Hakeem Kae-Kazim and Charles Mnene on their dynamic roles in new local film Riding with Sugar

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Charles Mnene in Riding With Sugar.
Charles Mnene in Riding With Sugar.
Photo: Netflix
  • We speak to Hakeem Kae-Kazim and Charles Mnene about their roles in the local film Riding with Sugar.
  • The coming-of-age film is a uniquely African story directed by Cannes Lion Gold winner Sunu Gonera.
  • The film releases Friday, 27 November on Netflix.

In a year that hasn't been good for cinemas, Netflix has become a light in the tunnel for South African productions.

From the horror film 8 to the romantic comedy Seriously Single to the action thriller Santana, the streaming service has given local films the platform to reach a wider audience, the global stage.

Its newest local release is Riding with Sugar directed by Cannes Lion Gold winner Sunu Gonera and starring Hakeem Kae-Kazim and Charles Mnene. It is a uniquely African coming-of-age story about a young refugee who wants to win a bicycle championship to improve his life.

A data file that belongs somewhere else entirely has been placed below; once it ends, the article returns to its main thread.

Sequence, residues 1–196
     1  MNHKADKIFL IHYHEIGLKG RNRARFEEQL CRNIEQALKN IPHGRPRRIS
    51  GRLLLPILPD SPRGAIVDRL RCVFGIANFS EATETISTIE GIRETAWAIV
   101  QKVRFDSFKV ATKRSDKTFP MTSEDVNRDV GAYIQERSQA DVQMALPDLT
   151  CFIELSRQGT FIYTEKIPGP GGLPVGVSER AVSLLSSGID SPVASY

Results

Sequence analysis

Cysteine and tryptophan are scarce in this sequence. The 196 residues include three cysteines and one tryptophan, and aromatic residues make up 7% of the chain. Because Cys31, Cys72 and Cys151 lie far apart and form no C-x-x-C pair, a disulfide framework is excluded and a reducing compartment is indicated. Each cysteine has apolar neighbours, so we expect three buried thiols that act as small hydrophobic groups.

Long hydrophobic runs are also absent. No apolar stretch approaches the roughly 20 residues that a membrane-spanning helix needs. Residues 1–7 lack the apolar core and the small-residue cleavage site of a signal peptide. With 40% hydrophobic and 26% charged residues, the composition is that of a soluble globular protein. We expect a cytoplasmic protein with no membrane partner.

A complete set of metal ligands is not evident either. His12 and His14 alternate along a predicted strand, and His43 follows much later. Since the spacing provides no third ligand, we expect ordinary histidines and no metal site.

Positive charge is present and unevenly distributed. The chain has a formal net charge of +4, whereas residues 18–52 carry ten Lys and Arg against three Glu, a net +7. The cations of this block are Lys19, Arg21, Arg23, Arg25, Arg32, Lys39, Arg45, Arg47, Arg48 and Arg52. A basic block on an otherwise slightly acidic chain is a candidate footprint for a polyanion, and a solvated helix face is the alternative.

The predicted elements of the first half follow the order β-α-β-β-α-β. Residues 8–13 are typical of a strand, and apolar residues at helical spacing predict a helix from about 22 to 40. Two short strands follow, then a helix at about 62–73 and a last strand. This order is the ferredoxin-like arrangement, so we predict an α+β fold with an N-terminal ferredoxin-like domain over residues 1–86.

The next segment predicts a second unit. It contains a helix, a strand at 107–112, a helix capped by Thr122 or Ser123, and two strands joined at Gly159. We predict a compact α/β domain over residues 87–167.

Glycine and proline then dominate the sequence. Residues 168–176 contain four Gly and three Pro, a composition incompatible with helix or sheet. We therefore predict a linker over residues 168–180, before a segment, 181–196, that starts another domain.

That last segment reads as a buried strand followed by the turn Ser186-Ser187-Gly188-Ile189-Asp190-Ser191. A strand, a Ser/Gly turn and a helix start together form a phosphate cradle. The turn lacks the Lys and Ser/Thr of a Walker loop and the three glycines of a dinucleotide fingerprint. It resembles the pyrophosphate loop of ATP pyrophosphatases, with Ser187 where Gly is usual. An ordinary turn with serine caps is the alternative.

A scene in Riding with Sugar.
A scene in Riding with Sugar.

Charles plays Joshua, a refugee from Zimbabwe who finds asylum in Cape Town, and Hakeem plays Mambo, a seeming do-gooder who offers shelter for teenage refugees from Africa. When Joshua meets Olivia (Simona Brown), a dancer from a well-off family, it takes him into another world, but her insights also cast a shadow over Mambo's real agenda.

For Charles, the character Joshua offered a challenge which he wanted to see if he could embrace and learn from, he tells me during our interview.

"He's a migrant refugee. He has an accent. He goes from one habitat to another, one country to another, looking for a better life through his BMX talents.

"I had to learn BMXing, not to ride a BMX bike, but to do stunts on a BMX bike. There was also physical demands within the role. There was so much emotion in the whole piece. You know, the journey in itself is a very hopeful message in Riding with Sugar."